Rusty Riley by Frank Godwin – Volume One – Dailies: 1948 to 1949

Classic Comics Press is pleased to present the first volume of Frank Godwin’s masterful comic strip Rusty Riley.

First appearing on January 26, 1948, the comic strip follows the adventures of orphan Rusty Riley and his faithful dog, Flip. Leaving the orphanage, Rusty is hired by wealthy racehorse owner Mr. Miles in the Bluegrass Region of Kentucky. Soon Rusty is thrust into the world of horse racing with dreams of becoming a jockey and riding the thoroughbred Blaze!

This first volume of Rusty Riley dailies reprints the beginning of the strip – January 26, 1948, to November 29, 1949. There’s also an introduction by Howard Chaykin (Black Kiss, American Flagg, American Century), an interview with Frank Godwin’s daughter Diane, as well as a number of Frank Godwin illustrations covering the span of his long and productive career, many if full glorious color!

Godwin is a complete throwback to an earlier era, both in terms of writing and artistic style. While we’re looking back at the material as historic, for readers in 1948 this would have looked quite dated.

Chaykin adds context to the material from someone older who experienced it later. He’s pretty clear the art was the draw and the story a distant outlier, but I found the story wholesome and timeless in its message and morality. The golden rule should never go out of style.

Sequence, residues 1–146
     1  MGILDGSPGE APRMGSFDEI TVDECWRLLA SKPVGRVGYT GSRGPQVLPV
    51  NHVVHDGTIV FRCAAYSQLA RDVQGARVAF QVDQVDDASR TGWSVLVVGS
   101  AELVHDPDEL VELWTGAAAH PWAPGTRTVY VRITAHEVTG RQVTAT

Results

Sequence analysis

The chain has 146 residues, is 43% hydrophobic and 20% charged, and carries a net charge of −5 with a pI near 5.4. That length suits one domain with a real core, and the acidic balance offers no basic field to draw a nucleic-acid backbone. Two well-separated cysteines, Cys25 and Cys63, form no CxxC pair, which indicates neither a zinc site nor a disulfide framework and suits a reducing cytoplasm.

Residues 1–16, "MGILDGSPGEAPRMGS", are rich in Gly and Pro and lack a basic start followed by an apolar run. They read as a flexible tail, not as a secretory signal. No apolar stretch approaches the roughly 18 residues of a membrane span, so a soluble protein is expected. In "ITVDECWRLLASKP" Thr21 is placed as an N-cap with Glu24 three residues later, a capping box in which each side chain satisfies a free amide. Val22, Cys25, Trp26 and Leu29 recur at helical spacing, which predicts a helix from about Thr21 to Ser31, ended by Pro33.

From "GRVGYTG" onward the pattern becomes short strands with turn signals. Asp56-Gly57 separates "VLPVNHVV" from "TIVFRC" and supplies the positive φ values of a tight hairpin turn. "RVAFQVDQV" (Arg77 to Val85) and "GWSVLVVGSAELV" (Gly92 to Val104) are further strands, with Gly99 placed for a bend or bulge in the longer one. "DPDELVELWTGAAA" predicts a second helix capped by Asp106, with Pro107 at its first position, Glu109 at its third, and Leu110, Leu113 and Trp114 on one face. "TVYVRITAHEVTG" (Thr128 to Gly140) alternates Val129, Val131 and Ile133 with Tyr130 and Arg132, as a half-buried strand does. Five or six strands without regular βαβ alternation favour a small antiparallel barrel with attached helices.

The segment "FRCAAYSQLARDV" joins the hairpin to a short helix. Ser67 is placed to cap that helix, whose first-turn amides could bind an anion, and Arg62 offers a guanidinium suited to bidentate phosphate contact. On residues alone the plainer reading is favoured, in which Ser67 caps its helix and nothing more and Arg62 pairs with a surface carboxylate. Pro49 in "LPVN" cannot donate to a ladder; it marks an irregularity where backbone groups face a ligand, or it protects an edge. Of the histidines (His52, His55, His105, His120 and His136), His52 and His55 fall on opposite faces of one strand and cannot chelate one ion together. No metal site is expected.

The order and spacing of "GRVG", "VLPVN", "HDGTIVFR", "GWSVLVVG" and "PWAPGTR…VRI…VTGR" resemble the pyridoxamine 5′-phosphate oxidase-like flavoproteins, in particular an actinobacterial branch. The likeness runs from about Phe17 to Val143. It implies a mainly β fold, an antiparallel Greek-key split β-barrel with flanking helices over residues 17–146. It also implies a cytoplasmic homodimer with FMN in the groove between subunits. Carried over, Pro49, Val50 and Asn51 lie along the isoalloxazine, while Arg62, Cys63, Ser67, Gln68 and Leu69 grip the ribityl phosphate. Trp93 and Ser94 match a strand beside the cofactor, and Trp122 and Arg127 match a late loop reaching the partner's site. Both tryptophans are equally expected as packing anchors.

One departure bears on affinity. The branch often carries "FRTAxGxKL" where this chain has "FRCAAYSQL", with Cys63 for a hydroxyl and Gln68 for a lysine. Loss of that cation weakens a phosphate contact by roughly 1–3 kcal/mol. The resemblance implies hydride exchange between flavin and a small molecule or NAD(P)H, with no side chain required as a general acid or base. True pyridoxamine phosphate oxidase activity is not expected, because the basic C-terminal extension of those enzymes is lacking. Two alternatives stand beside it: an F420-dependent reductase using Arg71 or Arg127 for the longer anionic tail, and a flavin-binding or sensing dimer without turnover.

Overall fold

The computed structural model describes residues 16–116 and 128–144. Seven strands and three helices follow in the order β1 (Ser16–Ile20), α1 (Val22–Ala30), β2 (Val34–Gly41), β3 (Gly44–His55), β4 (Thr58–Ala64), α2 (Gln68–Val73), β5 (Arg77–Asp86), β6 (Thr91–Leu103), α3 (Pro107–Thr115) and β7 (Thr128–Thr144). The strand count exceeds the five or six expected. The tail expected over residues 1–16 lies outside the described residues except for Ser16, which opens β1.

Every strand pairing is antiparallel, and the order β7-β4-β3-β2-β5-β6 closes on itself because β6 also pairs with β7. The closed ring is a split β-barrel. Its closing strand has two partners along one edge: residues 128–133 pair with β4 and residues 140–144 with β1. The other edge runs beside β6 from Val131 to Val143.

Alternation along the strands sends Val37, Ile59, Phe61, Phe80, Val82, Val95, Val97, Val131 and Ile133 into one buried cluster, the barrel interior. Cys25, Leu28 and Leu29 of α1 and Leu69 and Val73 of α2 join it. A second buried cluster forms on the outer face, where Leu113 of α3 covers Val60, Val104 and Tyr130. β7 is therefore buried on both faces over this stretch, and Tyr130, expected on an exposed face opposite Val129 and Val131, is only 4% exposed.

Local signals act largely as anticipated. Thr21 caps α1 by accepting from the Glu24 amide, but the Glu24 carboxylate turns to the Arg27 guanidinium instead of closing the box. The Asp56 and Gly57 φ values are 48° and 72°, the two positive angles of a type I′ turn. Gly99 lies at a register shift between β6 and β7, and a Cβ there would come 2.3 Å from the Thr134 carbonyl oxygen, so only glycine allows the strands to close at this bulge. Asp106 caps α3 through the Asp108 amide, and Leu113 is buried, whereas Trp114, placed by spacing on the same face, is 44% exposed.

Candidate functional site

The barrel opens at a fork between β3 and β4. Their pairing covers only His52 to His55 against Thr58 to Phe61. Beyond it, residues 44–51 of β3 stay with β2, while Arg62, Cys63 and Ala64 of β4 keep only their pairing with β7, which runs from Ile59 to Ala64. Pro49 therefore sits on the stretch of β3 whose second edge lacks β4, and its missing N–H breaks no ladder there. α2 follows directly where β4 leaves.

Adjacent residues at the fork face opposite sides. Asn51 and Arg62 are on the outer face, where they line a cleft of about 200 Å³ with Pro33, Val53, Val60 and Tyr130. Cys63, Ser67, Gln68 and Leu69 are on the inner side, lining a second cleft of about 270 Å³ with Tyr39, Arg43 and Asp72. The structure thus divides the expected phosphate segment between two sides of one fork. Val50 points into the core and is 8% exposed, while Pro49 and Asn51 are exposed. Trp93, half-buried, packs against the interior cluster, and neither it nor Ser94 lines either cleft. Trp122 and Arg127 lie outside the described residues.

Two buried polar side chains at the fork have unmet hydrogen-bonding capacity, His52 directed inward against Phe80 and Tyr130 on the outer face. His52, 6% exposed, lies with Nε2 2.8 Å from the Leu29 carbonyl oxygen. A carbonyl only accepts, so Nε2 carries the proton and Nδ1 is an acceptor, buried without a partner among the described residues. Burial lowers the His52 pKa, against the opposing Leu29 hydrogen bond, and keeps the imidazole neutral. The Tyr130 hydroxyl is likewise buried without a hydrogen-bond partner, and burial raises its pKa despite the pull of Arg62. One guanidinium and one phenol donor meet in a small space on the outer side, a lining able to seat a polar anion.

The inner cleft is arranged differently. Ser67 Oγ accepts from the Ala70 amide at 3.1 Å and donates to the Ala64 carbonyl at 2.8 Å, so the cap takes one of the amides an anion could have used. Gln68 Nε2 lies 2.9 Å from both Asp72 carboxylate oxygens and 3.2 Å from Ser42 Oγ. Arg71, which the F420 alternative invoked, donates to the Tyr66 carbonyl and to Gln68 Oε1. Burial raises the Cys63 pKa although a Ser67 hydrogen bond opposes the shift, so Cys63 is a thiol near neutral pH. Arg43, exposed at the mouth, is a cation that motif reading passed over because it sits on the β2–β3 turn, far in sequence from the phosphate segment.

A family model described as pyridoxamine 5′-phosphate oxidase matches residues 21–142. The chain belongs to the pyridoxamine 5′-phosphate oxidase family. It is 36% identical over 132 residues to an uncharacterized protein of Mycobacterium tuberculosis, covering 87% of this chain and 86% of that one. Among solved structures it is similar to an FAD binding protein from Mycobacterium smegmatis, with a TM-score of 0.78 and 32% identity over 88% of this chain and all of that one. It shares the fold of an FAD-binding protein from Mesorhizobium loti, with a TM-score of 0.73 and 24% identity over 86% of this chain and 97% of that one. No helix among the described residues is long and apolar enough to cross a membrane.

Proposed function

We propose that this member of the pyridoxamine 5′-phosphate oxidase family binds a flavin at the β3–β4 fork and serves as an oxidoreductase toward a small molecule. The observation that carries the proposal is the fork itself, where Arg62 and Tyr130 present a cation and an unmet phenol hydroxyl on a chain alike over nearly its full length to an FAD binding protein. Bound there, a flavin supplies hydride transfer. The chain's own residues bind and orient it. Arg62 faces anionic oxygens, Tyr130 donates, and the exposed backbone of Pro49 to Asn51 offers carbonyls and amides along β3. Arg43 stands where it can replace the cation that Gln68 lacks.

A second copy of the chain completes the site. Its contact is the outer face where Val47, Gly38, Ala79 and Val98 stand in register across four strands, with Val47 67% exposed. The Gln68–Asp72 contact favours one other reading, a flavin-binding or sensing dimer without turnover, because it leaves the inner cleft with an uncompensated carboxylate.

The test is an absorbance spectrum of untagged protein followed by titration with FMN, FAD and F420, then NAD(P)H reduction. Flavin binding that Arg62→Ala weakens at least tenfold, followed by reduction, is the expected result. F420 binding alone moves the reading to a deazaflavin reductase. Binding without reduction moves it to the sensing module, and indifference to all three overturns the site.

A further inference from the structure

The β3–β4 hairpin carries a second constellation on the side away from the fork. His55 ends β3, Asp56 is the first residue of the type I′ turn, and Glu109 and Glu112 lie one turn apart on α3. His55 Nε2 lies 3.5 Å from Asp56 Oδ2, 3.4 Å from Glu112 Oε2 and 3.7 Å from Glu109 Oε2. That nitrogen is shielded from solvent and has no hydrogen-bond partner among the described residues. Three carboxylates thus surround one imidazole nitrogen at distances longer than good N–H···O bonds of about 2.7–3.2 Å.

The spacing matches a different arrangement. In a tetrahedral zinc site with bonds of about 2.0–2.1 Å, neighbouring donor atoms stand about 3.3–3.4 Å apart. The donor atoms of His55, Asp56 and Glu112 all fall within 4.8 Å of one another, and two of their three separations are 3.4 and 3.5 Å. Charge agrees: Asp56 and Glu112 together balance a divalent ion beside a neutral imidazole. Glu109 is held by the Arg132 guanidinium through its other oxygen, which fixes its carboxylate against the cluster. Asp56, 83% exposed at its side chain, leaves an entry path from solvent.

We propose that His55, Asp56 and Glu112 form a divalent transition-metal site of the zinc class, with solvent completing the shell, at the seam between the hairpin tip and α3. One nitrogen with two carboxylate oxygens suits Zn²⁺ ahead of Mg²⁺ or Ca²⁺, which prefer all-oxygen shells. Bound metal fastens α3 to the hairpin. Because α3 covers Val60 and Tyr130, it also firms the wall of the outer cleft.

The publisher’s blurb says it all: orphan taken in by wealthy gentleman and adventure ensues. Godwin brings a varied cast of characters together in a caring and supportive manner

It’s a wonderful presentation. With two strips per page, there’s enough room to really get in there and enjoy the details. And it’s the details that make Godwin’s work: all that crosshatching and pen work, line after glorious layered line. Excellent reproduction of the strips, with nary a blur.

A well-produced book. Sewn binding of matte paper stock. Colour dust jacket. Strip date and page number along the bottom. The paper has some bleed from the opposite side and could have been a little thicker, but because the art is so ink heavy you don’t notice it except in the negative spaces.

A wonderful collection of extras to accompany the strips: an illustrated biography, an interview with Godwin’s daughter, and an afterword by Pelto. The reader can fully immerse themselves in the creator and his processes if desired.

I don’t know why exactly, but I struggled for months with this review. I greatly enjoyed the stories and art, but for vastly different reasons. The stories were pure joy: strong morals, straightforward villains, doing the right thing always triumphant.

The art is gorgeous in its technique and composition, but there’s something odd about the faces. I can’t quite put my finger on it, but no one is good looking. Too much ink work on the faces and it detracts. Hardly a detriment, but distracting.